Human papillomavirus (HPV) HPV usually has no symptoms, but some strains can cause cervical cancer – the fourth most common cancer in women. Almost all cases of cervical cancer (99 per cent) are caused by HPV. HPV can also cause genital warts in both men and women, as well as cancer on other parts of the body.
Influenza Influenza is a common viral infection that can be deadly, especially in high-risk groups.  The flu attacks the lungs, nose, and throat. Young children, older adults, pregnant women, and people with chronic disease or weak immune systems are at high risk.  Symptoms include fever, chills, muscle aches, cough, congestion, runny nose, headaches, and fatigue.
Japanese Encephalitis Vaccine Japanese encephalitis virus (JEV) is a flavivirus related to dengue, yellow fever and West Nile viruses, and is spread by mosquitoes.  Although symptomatic Japanese encephalitis (JE) is rare, the case-fatality rate among those with encephalitis can be as high as 30%. Permanent neurologic or psychiatric sequelae can occur in 30%–50% of those with encephalitis.
Measles, Mumps, Rubella, Varicella Measles is a highly contagious disease with symptoms that include fever, runny nose, white spots in the back of the mouth and a rash. Serious cases can cause blindness, brain swelling and death.   Mumps can cause headache, malaise, fever, and swollen salivary glands. Complications can include meningitis, swollen testicles and deafness.  Rubella infection in children and adults is usually mild, but in pregnant women it can cause miscarriage, stillbirth, infant death or birth defects.
Meningococcal meningitis Meningococcal meningitis is a bacterial form of meningitis, a serious infection of the thin lining that surrounds the brain and spinal cord.  Meningococcal meningitis is associated with high fatality (50% when untreated) and high frequency (10-20%) of severe long-term sequelae. Early antibiotic treatment is the most important measure to save lives and reduce complications.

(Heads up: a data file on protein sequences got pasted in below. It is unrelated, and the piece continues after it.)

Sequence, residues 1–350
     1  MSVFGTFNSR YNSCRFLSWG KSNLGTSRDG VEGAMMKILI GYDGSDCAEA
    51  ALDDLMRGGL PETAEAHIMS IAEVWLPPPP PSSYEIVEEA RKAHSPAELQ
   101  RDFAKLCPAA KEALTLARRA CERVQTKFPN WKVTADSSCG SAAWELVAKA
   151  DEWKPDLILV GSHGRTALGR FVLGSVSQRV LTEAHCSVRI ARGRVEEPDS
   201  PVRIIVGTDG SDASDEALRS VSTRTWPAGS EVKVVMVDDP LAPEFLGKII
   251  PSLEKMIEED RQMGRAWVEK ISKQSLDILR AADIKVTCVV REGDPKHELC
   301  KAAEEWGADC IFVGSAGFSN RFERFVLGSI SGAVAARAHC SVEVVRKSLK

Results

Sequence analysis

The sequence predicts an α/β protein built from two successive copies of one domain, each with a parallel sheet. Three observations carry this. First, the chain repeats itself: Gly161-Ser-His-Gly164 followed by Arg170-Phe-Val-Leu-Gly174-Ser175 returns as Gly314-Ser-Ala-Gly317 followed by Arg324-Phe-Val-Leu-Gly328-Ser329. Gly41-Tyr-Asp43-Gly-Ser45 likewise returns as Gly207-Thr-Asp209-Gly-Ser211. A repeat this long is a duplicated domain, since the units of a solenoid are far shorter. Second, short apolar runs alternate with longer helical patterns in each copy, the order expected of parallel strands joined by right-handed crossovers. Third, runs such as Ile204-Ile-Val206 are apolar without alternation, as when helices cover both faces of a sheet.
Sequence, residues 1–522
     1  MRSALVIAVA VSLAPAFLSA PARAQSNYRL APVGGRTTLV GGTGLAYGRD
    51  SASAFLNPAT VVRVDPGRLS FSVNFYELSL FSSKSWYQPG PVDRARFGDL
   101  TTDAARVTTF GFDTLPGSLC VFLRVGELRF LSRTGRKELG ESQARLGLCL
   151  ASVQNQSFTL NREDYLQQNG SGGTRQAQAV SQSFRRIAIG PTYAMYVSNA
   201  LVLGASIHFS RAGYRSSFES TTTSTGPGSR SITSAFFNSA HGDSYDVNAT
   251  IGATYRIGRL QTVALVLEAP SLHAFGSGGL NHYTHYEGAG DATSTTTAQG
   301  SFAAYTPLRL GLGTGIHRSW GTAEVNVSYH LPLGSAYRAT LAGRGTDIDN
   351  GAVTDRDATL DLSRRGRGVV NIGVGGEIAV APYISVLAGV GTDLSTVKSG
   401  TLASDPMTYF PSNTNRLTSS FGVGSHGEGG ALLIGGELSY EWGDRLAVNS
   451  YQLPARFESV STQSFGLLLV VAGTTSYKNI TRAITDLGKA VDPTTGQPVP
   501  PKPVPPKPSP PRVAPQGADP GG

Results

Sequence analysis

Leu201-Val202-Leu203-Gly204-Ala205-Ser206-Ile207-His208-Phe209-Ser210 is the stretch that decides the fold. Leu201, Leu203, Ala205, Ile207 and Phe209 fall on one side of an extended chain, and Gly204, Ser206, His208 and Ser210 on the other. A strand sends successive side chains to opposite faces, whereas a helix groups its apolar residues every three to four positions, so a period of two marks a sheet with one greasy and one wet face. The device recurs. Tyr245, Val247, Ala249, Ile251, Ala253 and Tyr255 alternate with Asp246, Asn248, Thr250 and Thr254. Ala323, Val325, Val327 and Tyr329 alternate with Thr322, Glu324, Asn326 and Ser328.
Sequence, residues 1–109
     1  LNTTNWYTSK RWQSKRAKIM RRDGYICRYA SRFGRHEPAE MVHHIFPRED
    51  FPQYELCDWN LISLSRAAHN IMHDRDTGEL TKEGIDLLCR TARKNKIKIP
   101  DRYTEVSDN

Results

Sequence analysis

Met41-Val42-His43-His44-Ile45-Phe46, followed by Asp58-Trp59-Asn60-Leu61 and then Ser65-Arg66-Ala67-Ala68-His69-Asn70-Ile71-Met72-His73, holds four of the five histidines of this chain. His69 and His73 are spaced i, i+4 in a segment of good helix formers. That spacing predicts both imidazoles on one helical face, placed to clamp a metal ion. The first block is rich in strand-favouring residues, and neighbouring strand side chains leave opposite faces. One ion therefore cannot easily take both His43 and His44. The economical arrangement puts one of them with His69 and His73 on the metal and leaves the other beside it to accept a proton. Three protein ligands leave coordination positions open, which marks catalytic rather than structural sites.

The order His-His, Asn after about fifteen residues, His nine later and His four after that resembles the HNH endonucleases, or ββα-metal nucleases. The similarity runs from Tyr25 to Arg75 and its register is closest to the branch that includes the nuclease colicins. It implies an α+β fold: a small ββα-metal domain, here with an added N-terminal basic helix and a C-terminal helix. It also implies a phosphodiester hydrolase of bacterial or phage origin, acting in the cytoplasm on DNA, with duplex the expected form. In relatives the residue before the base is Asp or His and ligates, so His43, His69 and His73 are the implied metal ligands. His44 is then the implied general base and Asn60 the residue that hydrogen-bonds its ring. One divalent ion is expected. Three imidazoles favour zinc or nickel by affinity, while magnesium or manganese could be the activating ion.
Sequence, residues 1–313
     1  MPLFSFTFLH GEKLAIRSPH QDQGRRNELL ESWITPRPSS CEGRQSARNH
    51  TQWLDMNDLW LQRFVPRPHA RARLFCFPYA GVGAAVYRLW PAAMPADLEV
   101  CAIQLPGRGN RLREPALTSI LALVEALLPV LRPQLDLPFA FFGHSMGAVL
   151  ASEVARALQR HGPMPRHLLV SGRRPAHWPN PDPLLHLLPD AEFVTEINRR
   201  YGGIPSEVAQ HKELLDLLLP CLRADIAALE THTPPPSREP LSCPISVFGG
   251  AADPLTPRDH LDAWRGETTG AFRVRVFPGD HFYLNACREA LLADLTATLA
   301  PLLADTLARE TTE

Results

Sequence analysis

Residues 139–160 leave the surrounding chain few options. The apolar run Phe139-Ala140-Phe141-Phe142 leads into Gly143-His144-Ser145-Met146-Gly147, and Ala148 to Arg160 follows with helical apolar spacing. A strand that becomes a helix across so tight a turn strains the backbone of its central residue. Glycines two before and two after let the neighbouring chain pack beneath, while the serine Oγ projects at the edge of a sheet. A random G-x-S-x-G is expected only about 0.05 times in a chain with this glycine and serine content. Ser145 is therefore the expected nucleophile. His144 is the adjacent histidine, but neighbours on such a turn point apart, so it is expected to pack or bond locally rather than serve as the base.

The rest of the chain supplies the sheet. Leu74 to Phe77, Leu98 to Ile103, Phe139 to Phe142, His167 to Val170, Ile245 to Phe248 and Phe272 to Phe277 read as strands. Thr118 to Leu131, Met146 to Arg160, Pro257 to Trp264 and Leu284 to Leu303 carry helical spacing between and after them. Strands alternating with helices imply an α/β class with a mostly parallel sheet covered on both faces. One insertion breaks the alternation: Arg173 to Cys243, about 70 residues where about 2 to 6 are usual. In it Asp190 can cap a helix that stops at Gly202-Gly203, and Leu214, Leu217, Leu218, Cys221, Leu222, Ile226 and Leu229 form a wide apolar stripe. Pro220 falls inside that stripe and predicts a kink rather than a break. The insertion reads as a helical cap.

Pneumococcal diseases Pneumococcal diseases range from serious diseases such as meningitis and pneumonia to milder but more common infections like sinusitis and ear infections.
Poliovirus Polio is a virus that paralyzes 1 in 200 people who get infected. Among those cases, 5 to 10 per cent die when their breathing muscles are paralyzed. There is no cure for polio once the paralysis sets in – only treatment to alleviate the symptoms.
Rabies Rabies is a viral zoonotic disease that causes progressive and fatal inflammation of the brain and spinal cord. Clinically rabies has two forms, furious rabies – characterized by hyperactivity and hallucinations and paralytic rabies – characterized by paralysis and coma.
Rotavirus Rotaviruses cause severe diarrhoea and vomiting, which can lead to dehydration, electrolyte imbalance and shock in young children. This can lead to death if treatment, especially fluid replacement, is not immediately started.
Typhoid Typhoid fever is a life-threatening infection caused by the bacterium Salmonella Typhi. It is usually spread through contaminated food or water.  Symptoms include prolonged fever, fatigue, headache, nausea, abdominal pain, and constipation or diarrhoea. Some patients may have a rash. Severe cases may lead to serious complications or even death.
Yellow Fever Yellow fever is an acute viral haemorrhagic disease transmitted by infected mosquitoes. The "yellow" in the name refers to the jaundice that affects some patients.  Symptoms of yellow fever include fever, headache, jaundice, muscle pain, nausea, vomiting, fatigue and death in a small proportion of patients.
RSV (respiratory syncytial virus) RSV (respiratory syncytial virus) affects virtually all children get an RSV infection by the time they are 2 years old. Most of the time RSV will cause a mild, cold-like illness, but it can also cause severe illness such as bronchiolitis (inflammation of the small airways in the lung), pneumonia (infection of the lungs).  One to two out of every 100 children younger than 6 months of age with RSV infection may need to be hospitalized. Those who are hospitalized may require oxygen, intubation, and/or mechanical ventilation (help with breathing).